There are several methods used to measure the degree to which oligopolistic industries are concentrated by largest firms. The most often used ways to measure are concentration ratios and the Herfindahl index.
Concentration Ration shoes the percentage of total output produced and sold by industry’s largest firms. For example, three largest U.S producers of iron, supply almost 100% of all iron resource in this country.
When the largest three-four firms in an industry control 40% or more of the market, that industry is said to be oligopolistic. Although concentration ratios offer useful ideas about competitiveness and monopoly power of diverse industries, there are three shortcomings.
- Local Markets
Concentration ratios relate to nations as a whole, where the markets for some goods are highly localized because of expensive transport. For example, the four-firm concentration ratio for tobacco products is just 37% in China, suggesting that this industry is a competitive one. But, when we relate this product to some specific market or town in this country, we may often find that four firms produce about 80% of the total output in that area.
- Inter-industry Competition
Inter-industry competition is competition between the products of one industry and the products of another industry. An example to this kind of competition may serve primary metals in some industries aluminum and copper, since aluminum competes with copper in many applications. (Electric devices, robots, machineries)
- World Trade
The data for products produced in one country only may overstate concentration ratio since in most of cases they don’t account for import competition of foreign suppliers. Although some figures show that domestic firms produce over 90% of the total output for some good, they ignore the fact that some large quantities of that good may be imported. Many of the world’s largest corporations are foreign, so many of them are spread in diverse countries.
The shortcomings of concentration ratio from above apply to many measures of concentration, but one of these can be eliminated: Let’s say in industry “A” one firm produces all market output, but in industry “B” five firms produce 20% of the market. The concentration ratio is 100% in both cases. But industry “A” is pure monopoly, while industry “B” is an oligopoly. Economically, monopoly power is greater in industry “A” is greater than that from industry “B”, this fact isn’t shown by identical 100% concentration ratio.
Herfindahl index solves this problem. This index is the sum of the squared percentage market shares all firms in the industry have. In equation from:
Where %S1 is the percentage share of firm 1, %S2 is the percentage share of firm 2, and so on for each firm in the industry. By squaring percentages this index give more power to firms that have larger market shares, than to smaller ones. In case that a single firm has 100% then the Herfindahl index gives its highest value- 10000. In our industry “B”, Herfinahl index will be 202+202+202+202+202 which results in 2000, which is much more less that 10000 showing less market power.(In a purely competitive industry this index will approach to zero). More market power-higher Herfindahl index.
Oligopoly is a market system that is dominated by few big suppliers of homogeneous or differentiated products. Because there are few firms, oligopolists have great control over prices, but they should consider reaction of rivals after they change price of goods, output quantity and amount of money spent on advertising.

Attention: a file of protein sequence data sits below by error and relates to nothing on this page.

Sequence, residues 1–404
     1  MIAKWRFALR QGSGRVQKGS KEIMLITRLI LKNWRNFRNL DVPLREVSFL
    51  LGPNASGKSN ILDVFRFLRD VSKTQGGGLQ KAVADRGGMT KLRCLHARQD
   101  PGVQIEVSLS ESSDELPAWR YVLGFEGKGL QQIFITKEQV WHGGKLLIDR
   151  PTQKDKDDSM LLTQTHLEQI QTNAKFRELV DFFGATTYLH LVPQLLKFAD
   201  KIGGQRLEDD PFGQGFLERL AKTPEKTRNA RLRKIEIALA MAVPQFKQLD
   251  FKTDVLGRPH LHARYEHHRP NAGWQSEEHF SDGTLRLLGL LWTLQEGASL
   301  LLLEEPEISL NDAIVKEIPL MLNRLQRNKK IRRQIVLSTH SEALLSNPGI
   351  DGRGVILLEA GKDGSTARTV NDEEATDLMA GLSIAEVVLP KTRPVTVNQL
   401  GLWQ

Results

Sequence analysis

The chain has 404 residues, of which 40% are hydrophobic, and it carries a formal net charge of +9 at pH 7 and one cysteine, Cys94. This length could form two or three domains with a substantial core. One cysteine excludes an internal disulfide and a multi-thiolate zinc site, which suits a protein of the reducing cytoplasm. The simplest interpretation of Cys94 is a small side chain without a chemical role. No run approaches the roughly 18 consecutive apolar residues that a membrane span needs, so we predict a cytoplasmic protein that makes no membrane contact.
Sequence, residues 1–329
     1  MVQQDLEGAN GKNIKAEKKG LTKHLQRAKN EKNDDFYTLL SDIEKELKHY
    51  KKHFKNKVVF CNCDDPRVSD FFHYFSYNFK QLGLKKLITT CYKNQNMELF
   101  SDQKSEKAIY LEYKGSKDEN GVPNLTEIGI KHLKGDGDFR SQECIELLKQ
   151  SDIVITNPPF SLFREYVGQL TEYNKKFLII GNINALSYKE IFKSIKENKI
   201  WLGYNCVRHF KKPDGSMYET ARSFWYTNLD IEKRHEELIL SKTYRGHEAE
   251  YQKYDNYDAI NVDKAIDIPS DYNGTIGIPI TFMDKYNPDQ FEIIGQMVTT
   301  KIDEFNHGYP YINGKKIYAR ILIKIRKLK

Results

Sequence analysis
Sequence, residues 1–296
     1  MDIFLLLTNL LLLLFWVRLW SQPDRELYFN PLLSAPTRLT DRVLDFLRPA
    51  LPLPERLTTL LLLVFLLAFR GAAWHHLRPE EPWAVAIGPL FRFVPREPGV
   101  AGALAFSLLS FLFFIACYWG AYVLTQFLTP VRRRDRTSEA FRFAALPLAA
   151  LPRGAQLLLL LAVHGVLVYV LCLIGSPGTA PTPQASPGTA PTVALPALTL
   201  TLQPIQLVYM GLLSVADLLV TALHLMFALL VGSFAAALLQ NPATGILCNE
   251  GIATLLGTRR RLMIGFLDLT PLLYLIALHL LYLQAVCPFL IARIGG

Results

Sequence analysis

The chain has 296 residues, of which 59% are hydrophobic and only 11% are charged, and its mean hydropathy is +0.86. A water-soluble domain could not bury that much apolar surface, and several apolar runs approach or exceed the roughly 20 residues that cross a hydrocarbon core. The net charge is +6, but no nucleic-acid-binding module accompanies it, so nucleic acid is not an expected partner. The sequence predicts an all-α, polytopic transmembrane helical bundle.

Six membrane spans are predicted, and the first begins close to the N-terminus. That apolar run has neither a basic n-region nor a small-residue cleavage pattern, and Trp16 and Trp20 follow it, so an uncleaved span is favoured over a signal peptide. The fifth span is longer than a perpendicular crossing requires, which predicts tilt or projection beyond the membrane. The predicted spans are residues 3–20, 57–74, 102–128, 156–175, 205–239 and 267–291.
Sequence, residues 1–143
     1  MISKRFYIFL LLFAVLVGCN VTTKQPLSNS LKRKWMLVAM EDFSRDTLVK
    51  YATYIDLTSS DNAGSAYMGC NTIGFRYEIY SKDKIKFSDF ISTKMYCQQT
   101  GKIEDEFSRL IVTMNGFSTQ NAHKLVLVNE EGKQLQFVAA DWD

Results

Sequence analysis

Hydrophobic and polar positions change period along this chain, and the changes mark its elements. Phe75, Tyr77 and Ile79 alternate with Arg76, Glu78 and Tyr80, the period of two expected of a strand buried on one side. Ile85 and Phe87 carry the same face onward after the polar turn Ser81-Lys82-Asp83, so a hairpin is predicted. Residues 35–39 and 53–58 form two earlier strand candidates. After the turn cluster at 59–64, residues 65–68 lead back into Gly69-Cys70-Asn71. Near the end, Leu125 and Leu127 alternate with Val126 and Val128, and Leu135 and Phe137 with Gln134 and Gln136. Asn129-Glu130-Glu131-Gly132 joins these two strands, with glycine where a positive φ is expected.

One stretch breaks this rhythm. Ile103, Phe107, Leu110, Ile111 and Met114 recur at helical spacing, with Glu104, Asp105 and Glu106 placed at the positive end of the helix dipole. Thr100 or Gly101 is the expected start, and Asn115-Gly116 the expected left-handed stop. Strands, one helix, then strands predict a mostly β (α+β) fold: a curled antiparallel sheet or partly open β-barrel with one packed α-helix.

The phrase “few large producers” is one necessary to describe this kind of market system. Some examples of oligopoly can be two or three zinc producers in Sweden, or five or six producers of auto parts in U.K. When you will read in some magazines at economics about Big Three, Big Four or Big Five, you may be sure that there is described an oligopoly.
Homogeneous or Differentiated Products
An oligopoly may be either homogeneous or differentiated one, since the firms in this kind of market system produce a standardized or differentiated product. Many industrial goods( aluminum, lead, cement) are standardized products that are supplied in oligopolies. However, other goods (like cigarettes, automobiles, breakfast cereals) are produced in differentiated oligopolies. Last kind of oligopoly engages in non-price competition by heavy advertising.
Price and mutual interdependence
Since in oligopolies there are few firms, each one is a price-maker, like monopolists the y may set the price and output level for their goods, so that these firms control the revenue. However, unlike monopolists (since there are no competitors), oligopolists should consider the reaction of rivals to this changes in price, output, product’s characteristics and money spent on advertising. Thus Oligopolists are described by mutual interdependence: a situation in which firm’s profits doesn’t depend completely on its price and sales policy, but also on that of rivals. For example, before increasing the price of its drinks Pepsi should predict the response of other major producers, like Coca-Cola.
Similar entry barriers created in pure monopoly are also created in oligopoly. Economies of scale are a factor that serves as barrier to entry in some oligopolistic industries, such as aircraft, car-producing, and cement industries. In this kind of industries three or four firms control the market supply, so that they have enough money to produce economies of scale, but other firms even if they will want to enter this market will have a small market share so that they won’t be able to have enough revenues to produce economies of scale. They would be high-cost producers, so that these firms won’t be able to survive in this industry.